Where once self-employed people were deemed to have less of a benefits safety net, so shouldn’t be expected to pay so much NICs, the crisis income support scheme demonstrates that is not the case now. So they will be expected to contribute more.

Tax incentives

This feeds into a shake-up in employment rights that is likely to emerge out of this crisis.

This may address the insecurity of people on precarious, insecure contracts, and particularly those who have proved their social value through the crisis. That is obviously true of care home and homecare workers, but it is also true of delivery cyclists and shop workers.

It could go further, to draw more self-employed people into employment. The benefits to both sides of paying less tax and NICs are being eroded. Self-employed people whose work is entirely for a public sector organisation have to pay tax through PAYE.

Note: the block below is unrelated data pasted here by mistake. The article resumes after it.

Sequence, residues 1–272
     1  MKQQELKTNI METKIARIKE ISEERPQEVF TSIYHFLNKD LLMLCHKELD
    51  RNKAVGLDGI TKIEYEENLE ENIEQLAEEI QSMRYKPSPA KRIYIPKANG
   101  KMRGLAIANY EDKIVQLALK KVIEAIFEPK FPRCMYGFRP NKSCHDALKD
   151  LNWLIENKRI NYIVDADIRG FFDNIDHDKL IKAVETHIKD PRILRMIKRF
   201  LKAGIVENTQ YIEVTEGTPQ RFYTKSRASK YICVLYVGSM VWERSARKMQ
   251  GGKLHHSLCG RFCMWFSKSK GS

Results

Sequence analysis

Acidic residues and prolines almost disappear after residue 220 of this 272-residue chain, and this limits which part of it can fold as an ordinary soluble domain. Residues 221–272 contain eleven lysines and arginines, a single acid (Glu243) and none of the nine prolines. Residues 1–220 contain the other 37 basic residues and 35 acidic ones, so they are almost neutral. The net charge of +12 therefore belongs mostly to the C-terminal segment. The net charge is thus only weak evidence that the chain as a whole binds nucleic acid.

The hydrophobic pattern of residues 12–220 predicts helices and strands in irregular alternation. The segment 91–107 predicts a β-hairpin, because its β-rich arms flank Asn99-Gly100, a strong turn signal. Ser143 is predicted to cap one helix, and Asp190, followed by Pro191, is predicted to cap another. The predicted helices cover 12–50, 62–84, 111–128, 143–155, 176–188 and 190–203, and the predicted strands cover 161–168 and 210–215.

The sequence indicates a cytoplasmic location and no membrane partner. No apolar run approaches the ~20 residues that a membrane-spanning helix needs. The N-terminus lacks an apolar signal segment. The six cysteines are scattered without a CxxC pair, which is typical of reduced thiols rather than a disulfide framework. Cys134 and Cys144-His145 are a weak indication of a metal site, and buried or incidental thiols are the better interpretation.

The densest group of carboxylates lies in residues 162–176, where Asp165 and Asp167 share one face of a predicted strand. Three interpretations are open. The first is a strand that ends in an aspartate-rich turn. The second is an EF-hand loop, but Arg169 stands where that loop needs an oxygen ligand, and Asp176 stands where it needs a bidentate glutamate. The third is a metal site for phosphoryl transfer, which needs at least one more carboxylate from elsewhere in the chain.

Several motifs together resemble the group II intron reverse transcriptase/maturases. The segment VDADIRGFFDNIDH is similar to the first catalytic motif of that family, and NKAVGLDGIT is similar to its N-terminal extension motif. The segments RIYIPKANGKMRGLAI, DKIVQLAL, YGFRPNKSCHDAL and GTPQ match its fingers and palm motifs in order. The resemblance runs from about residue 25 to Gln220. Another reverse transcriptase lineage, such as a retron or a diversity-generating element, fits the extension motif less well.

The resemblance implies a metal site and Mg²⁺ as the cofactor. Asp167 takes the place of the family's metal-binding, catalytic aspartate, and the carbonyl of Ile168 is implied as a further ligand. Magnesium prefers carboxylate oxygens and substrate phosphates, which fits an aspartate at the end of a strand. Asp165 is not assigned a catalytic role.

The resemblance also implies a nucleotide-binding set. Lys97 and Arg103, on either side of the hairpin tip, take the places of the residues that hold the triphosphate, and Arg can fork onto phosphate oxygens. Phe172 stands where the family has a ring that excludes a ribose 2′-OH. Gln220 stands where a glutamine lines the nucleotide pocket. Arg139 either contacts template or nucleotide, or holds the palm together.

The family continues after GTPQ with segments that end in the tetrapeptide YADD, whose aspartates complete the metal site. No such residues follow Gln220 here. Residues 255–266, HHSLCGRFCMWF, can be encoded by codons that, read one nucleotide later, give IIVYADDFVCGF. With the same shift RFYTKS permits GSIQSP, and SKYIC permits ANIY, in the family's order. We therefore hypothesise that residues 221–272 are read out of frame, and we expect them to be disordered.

That’s a feature of employment for, among other organisations, the BBC. That has led to one of the significant gaps in the income support schemes – contract workers who have counted as self-employed, but who don’t qualify for the self-employed income support scheme, and nor are they being furloughed.

In the private sector, it’s for the self-employed person to define their tax status.

That was due to end with the start of the 2020-21 tax year, two months ago, in a reform with the shorthand IR35. But because of the pandemic and economic crisis, it was postponed by a year.

It means private sector employers will next year bring self-employed contractors within the reach of the PAYE tax system, equalising the tax burden between workers. It brings benefits to the workers in terms of their employment rights.

That, in itself, removes an incentive to be self-employed, and is another reason why the recent boom in self-employment may be coming to an end.